Sometimes, cats don’t like being petted, or they’ll allow it for a little bit, then bite or scratch. Teach your cat to like being petted using treats and their food. They’re not born liking being petted or touched, but we can teach them.

Learn more about how to pet a cat, watch our video and read our article:

To understand more about petting aggression, download Petting aggression when it comes to petting, not all cats are created equal (PDF).

 

Make your cat or kitten’s visit to the vet as stress-free as possible. Start with treats and a favourite towel, and take your time getting him or her out of their carrier. To learn more tips, read our care sheet (PDF) and watch our video:

Most cats love to stretch and scratch something. Scratching is important for cats, it’s a natural behaviour.  Scratching also helps shed the outer covering on their claws and scent mark.

Instead of trying to stop them from scratching, give them something to scratch (PDF).  Put scratching posts close to an entrance or near where your cat sleeps. They usually stretch and scratch after waking up or when entering a room.

If they’re using your couch as a scratching posts, interrupt them. Don’t scare them. Interrupt and get them to scratch their post. Make sure to reward them for scratching their post.

Never use harsh verbal or physical corrections with your pet. If you feel like nothing is helping, talk to your vet about safe and humane nail covers.

Cat using stretching post playing with a wand toy

Declawing cats

The BC SPCA is against declawing cats. Cat’s nails are not like fingernails, they’re attached to the bone.

Declawing is a serious surgery. It’s like removing a part of your finger at the knuckle. Read the BC SPCA position statement on cosmetic and other non-therapeutic alterations (PDF).

Learn more, watch our video on cats and scratching:

Sometimes it’s hard to tell if your cat is sick or injured. The signs that she’s sick might not be obvious. Cats have evolved to try and conceal when they are sick. Watch for the signs below and call your vet if you’re not sure. Make sure your cat has regular vet exams to prevent illness.

Cute ginger coloured cat lying down on cat perch post looking into lens

Signs of illness in cats:

  • Hiding, decreased energy, or other behavioural changes
  • Changes in grooming patterns
  • Changes in litter box usage (going outside the box, straining, etc)
  • Increase or decrease in appetite or drinking
  • Weight loss or weight gain
  • Changes in sleeping patterns
  • Bad breath
  • Sitting hunched over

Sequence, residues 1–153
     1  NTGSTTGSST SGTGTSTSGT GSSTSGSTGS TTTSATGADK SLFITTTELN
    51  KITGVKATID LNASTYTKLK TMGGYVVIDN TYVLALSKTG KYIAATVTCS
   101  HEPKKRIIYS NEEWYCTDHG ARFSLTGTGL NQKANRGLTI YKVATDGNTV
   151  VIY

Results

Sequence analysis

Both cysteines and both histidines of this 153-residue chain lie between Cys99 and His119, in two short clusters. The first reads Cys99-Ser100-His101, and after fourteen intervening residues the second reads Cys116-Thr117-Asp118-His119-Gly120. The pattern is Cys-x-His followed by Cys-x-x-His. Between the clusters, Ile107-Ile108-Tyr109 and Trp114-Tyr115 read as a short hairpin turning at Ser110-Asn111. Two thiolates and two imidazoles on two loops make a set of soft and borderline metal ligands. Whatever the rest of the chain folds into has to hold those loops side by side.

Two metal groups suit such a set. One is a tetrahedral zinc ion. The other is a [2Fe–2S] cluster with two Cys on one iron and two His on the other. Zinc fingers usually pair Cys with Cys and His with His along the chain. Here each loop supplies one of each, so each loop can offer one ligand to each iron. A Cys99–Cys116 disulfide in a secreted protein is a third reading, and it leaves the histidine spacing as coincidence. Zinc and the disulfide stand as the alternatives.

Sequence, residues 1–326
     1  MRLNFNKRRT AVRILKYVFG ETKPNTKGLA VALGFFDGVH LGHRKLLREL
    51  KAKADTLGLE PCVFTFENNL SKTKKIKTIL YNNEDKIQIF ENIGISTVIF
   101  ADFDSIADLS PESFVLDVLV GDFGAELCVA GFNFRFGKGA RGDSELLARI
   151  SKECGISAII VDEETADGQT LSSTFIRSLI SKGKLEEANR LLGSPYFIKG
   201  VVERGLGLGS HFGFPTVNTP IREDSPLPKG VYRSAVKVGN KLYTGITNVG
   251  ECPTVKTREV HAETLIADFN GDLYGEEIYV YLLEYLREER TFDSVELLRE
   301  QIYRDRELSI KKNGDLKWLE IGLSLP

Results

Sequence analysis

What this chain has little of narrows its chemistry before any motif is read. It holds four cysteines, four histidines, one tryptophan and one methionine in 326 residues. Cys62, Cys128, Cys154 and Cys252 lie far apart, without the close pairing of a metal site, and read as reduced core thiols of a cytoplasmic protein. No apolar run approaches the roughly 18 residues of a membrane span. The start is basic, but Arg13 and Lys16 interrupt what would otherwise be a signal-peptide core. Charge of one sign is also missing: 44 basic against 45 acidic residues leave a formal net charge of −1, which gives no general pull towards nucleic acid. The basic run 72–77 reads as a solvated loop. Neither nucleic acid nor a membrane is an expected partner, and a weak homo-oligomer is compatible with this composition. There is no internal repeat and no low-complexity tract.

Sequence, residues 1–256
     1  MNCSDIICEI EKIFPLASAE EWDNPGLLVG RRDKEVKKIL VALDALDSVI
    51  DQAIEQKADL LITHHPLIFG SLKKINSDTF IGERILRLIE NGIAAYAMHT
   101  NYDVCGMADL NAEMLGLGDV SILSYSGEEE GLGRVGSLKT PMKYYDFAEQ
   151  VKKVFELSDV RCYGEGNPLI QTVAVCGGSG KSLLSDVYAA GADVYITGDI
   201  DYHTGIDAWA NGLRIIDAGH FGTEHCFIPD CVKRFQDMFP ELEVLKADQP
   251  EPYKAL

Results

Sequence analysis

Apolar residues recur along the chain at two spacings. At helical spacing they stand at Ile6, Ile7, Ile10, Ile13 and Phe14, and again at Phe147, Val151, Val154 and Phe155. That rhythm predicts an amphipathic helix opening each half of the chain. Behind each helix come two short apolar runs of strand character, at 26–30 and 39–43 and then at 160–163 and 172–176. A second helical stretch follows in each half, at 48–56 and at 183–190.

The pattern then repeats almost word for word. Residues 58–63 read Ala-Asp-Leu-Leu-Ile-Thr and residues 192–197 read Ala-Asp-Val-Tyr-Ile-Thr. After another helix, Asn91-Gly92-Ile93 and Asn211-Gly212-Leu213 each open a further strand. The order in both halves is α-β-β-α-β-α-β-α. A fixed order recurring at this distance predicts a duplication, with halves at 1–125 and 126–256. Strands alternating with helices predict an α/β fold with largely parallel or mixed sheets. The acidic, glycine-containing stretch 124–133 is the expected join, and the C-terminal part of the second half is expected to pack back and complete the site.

• Obvious illness or injury: vomiting, diarrhea, coughing, sneezing, wounds, limping etc.

Help a shelter cat receive a health check:

 

Spaying or neutering your dog, cat or rabbit doesn’t just help prevent accidental litters. It also has health and behavioural benefits for your pet.

Tired happy dog lying down on side with eyes closed outdoors being given a belly scratch rub

Benefits of spaying and neutering your pet

Generally, neutering decreases aggressive behaviours in pets

  • Neutered dogs are calmer and less likely to bite, attack or get into dog fights.
  • Neutered cats and rabbits don’t have the drive to mark and protect their territories and are less likely to spray or get into fights, resulting in fewer injuries.

Spaying ends the heat cycle in females

  • Heat cycles are usually twice a year for dogs, and result in many unwanted behavioural changes including possible aggression.
  • Cats generally go in and out of heat every three weeks between January and November.
  • Female cats in heat can howl relentlessly, may try to escape to mate, spray or urinate inappropriately and attract unwanted male cats.

Spaying and neutering lowers the chance of reproductive health problems

  • Studies show that spayed/neutered pets, on average, live longer.
  • Spaying eliminates the risk of ovarian and uterine cancer and pyometra (life-threatening infection of the uterus) in dogs, cats, and rabbits. Up to 80% of unspayed rabbits will develop uterine cancer.
  • Spaying reduces the risk of mammary cancer in cats, dogs, and rabbits.
  • Neutering eliminates the risk of testicular cancer in all species and lowers the risk of prostate problems in male dogs.

Spaying and neutering eliminates the drive to reproduce

  • The likelihood of your male pet wandering away or escaping will be decreased.
  • Male dogs can smell a female in heat up to a kilometre away.
  • Once neutered, your pet will be less frustrated and may become a calmer companion.

Spaying and neutering provides an opportunity to have other important procedures performed

  • Other procedures, as necessary, can also be done at the time of the operation.
  • This includes procedures such as an identification tattoo or microchip, teeth cleaning, hernia repair and baby teeth removal.

Spaying and neutering prevents accidental pregnancies

  • Research shows that the majority of cat pregnancies are unintended.
  • Pregnancy is hard on the mom physically. Prenatal care, birth complications, and puppy/kitten care can be costly.

Happy relaxed black cat wearing a collar and id being held by woman

Spaying and neutering helps your community

  • Research shows that, as an individual, you help reduce overpopulation issues in your community when you spay or neuter your pet.
  • Spaying and neutering your pet helps reduce the number of stray or unwanted animals in your community.